guavaIntroduction of Guava plants:-

Guava fruit trees are not a common sight in North America and need a decidedly tropical habitat. In the United States, they are found in Hawaii, the Virgin Islands, Florida and a few sheltered areas in California and Texas. The trees are very frost tender and will succumb to a freeze when young, although adult trees may survive short periods of cold.

That said, the plants are attractive and produce deliciously rich, sweet fruits that are excellent fresh or in desserts. Given enough guava tree information, it is possible to grow these small trees in a greenhouse or sunroom and reap the benefits of their Vitamin C-rich fruits.

Guava Plants and Guava Tree Information

The guava fruit grows on a small tree with a wide, short canopy and a sturdy single to multi-stemmed trunk. The guava tree is an interesting plant with mottled greenish bark and long 3- to 7-inch serrated leaves. Guava trees produce white, 1-inch flowers that yield to small round, oval or pear shaped fruits. These are more accurately berries and have soft flesh, which may be white, pink, yellow or even red and varies in taste from acidic, sour to sweet, and rich depending on variety.

The guava plants thrive in any soil with good drainage and full sun for best flowering and fruit production.

Guava fruit trees are tropical to sub-tropical and may achieve 20 feet in height. Growing guavas require cold protection and is not suitable outdoors in most zones of the United States. They must have shelter from freezing winds, even in sunny warm climates where occasional icy temperatures occur.

Caring for a Guava Tree

If you are lucky enough to live in a region where guava plants grow outside, the tree should be planted in well-drained soil where its roots have room to spread.

Fertilize growing guavas every one to two months while young and then three to four times per year as the tree matures. Guava trees need a high amount of nitrogen, phosphoric acid and potash, along with some magnesium for maximum fruit production. An example is a formula of 6-6-6-2, worked into soils just prior to the onset of the growing season and then evenly spaced out three times during the growth period.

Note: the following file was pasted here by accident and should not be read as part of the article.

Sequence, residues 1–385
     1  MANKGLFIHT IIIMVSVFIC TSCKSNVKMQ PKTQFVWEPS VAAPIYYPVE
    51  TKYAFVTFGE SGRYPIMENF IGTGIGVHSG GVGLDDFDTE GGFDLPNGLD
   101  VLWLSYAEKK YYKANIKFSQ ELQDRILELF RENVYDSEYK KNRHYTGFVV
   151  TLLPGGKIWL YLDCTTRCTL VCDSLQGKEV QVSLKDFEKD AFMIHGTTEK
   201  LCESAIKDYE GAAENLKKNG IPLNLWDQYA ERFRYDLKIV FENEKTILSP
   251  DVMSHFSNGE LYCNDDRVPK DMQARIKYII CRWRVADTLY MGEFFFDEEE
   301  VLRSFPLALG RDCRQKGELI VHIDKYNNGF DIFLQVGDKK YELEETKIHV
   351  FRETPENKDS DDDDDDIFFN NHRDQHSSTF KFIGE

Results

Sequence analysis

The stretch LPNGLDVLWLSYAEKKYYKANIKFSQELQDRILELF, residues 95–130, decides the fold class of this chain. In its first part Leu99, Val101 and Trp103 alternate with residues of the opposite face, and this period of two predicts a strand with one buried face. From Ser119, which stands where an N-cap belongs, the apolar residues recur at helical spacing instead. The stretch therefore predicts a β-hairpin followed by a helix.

Water frequently after planting and then keep mature trees moderately moist during the blooming and fruiting seasons. Once established, caring for a guava fruit tree is similar to any fruiting tree care.


Cultural Information
Plant guavas in a sunny location sheltered from strong winter winds. They should be
kept moist and planted in a soil with good drainage.

Since guavas are tropical, they can be subject to frost damage. While the small
branches of the plants can be killed by heavy frost, the plant will regenerate the next

1. Dig a hole twice the size of the root ball.
2. Using E.B. Stone Planting Compost combine one part soil and one part planting
3. Place a small handful of E.B. Stone Sure Start in the bottom of the hole.
4. Make sure the top of the original root ball is one inch above surrounding soil.
5. Firmly tap soil to remove any air pockets.
6. Water in with Liquinox B1.

1. Feed monthly with Grow More Super Bloomer or E.B. Stone Hibiscus and Tropical
Plant Food.
2. Apply Iron Supplement in late spring to correct mineral deficiencies.
3. An application of E.B. Stone Sul-Po-Mag in the fall will help make them more frost

Keep soil moist to the touch but don’t let them stand in water.

The only pruning necessary is the removal of old or dying foliage and removal of suckers
from the base of the tree. Suckers look like new trees sprouting.

Any frost-damaged foliage should not be removed until all danger of frost is past.

Time to Maturity

Guava trees continue to grow quickly after transplanting, and they will bear fruit after two to four years. In some locations, guava trees can grow to over 30 feet in height, but in California they rarely grow taller than 10 or 12 feet. The trees will live for as long as 40 years, but their fruit production tends to fall off significantly after 15 years; aggressive pruning can sometimes help to rejuvenate declining trees.